looking for tips on how to implement "ruby-style" Domain Specific Language in Python
arkanes at gmail.com
Wed Jan 7 18:16:48 CET 2009
On Wed, Jan 7, 2009 at 9:50 AM, J Kenneth King <james at agentultra.com> wrote:
> Jonathan Gardner <jgardner at jonathangardner.net> writes:
>> On Jan 6, 12:24 pm, J Kenneth King <ja... at agentultra.com> wrote:
>>> Jonathan Gardner <jgard... at jonathangardner.net> writes:
>>> > On Jan 6, 8:18 am, sturlamolden <sturlamol... at yahoo.no> wrote:
>>> >> On Jan 6, 4:32 pm, mark <mark.fi... at googlemail.com> wrote:
>>> >> > I want to implement a internal DSL in Python. I would like the syntax
>>> >> > as human readable as possible.
>>> >> Also beware that Python is not Lisp. You cannot define new syntax (yes
>>> >> I've seen the goto joke).
>>> > This isn't really true. You can, for instance, write a program (in
>>> > Python) that takes your pseudo-Python and converts it into Python.
>>> > This is what a number of templating libraries such as Mako do.
>>> Which is not even close to being the same.
>>> Lisp - the program source is also the data format
>>> Python - the program source is a string
>>> I could go on a really long rant about how the two are worlds apart, but
>>> I'll let Google tell you if you're really interested.
>> I get that Lisp is special because you can hack on the reader as it is
>> reading the file in. This is strongly discouraged behavior, as far as
>> I know, despite the number of cute hacks you can accomplish with it.
> It is generally discouraged unless there's a reason for it.
>> But consider that this really isn't different than having a program
>> read in the lisp-with-modification source and spitting out pure lisp,
>> to be read by an honest-to-gosh lisp program later.
>> If that's the case, then Lisp and Python really aren't that different
>> in this regard, except that you don't have the option of modifying the
>> reader as it reads in the file.
> I think you are missing the distinction.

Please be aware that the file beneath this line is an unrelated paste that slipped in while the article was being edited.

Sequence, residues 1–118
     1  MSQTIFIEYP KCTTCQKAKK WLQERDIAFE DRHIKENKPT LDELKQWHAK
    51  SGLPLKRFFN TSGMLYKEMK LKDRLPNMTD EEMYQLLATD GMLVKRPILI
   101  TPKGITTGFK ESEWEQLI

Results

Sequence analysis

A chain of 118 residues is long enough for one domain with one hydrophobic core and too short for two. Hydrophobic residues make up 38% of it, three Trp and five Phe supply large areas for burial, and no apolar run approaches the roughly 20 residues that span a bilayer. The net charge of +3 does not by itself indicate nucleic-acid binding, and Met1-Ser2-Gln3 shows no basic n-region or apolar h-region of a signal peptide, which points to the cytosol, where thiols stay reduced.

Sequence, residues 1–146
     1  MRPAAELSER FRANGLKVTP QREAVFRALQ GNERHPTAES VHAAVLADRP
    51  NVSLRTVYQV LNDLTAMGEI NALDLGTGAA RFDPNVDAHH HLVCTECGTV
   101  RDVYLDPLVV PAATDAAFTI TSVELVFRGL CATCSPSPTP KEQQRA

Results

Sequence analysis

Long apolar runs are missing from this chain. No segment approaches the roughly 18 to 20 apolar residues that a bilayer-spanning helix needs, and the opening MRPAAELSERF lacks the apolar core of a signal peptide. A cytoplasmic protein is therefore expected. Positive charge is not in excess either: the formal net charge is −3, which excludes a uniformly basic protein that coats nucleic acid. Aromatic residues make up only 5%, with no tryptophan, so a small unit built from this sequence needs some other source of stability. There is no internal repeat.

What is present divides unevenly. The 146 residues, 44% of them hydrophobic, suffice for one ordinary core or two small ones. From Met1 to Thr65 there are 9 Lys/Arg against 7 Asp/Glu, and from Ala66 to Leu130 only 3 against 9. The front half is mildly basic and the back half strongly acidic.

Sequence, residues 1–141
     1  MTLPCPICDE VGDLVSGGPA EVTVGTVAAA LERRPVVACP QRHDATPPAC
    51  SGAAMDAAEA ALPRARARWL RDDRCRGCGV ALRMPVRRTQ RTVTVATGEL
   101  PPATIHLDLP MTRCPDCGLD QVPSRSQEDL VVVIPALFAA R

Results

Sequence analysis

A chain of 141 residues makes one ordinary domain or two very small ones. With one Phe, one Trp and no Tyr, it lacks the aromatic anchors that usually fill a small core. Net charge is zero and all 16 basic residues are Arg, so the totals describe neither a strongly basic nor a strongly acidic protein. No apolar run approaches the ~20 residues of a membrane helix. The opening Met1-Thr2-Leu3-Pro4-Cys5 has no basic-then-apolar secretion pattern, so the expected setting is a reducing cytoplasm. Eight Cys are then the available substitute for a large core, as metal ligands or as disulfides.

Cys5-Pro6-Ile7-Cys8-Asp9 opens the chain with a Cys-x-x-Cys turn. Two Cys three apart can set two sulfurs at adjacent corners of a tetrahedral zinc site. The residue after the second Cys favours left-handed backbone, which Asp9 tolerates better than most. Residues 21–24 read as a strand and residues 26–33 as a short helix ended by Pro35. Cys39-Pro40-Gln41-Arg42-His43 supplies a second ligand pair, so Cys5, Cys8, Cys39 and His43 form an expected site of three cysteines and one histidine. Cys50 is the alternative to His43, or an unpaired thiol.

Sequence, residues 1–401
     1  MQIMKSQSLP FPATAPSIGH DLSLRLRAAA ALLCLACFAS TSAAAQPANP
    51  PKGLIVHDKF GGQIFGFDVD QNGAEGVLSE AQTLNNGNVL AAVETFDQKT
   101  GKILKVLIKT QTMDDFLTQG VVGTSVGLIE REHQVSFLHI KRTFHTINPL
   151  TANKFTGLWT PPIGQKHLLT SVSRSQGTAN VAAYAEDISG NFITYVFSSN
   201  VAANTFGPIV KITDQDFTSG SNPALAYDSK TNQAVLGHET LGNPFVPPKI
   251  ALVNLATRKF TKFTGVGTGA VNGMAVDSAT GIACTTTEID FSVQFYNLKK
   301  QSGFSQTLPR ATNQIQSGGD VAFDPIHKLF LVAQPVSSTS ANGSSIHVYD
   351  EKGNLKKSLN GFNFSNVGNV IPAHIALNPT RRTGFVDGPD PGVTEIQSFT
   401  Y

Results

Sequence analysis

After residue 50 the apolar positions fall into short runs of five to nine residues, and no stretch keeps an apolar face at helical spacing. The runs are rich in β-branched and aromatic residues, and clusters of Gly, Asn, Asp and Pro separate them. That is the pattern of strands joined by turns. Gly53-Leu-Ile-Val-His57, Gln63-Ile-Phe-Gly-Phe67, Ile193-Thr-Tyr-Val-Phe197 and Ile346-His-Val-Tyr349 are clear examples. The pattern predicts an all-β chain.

> Lisp expressions are also data structures. A Lisp expression can be
> passed to functions and macros to be operated on before being
> executed. When you're writing Lisp source, you're basically looking at
> the AST on one level and when you start writing macros for your program,
> you're creating a "DSL" or interface to that AST. Lisp source is
> eventually expanded to a giant list that is consed by the evaluator (as
> far as I understand it. I'm just getting into the compiler stuff
> (my-func 1 2 3)
> This is just a list, the "primitive" data-type in Lisp! This piece of
> "data" can be operated on by other bits of Lisp code because it is just
> a list as far as Lisp is concerned.
> In contrast, Python source is a string that needs to be parsed into
> bytecode which is then run through the interpreter. The AST is
> completely hidden from the source author. Python expressions are not
> data types either and hence no macros -- I can't write a python function
> that generates python code at compile time. I can only write a python
> program that parses some other string and generates code that can be run
> by another interpreter.
> for i in range(0, 100):
> That's a pretty straight forward Python expression, but I can't do
> anything with it -- it's not a unit of data, it's a string.
> The distinction is not subtle by any means.
Ignoring reader macros for a moment, there is no way in either lisp,
ruby, or python to change the syntax that the compiler understands,
and the ability to work with your code directly as a data structure
(which is what makes lisp macros powerful) isn't directly relevant to
the idea of an "internal' DSL.
The OP wants a Ruby-style DSL by which he means "something that lets
me write words instead of expressions". The ruby syntax is amenable to
this, python (and lisp, for that matter) syntax is not and you can't
implement that style of internal DSL in those languages.
The answer to the OP is "you can't - use Ruby or modify your requirements".
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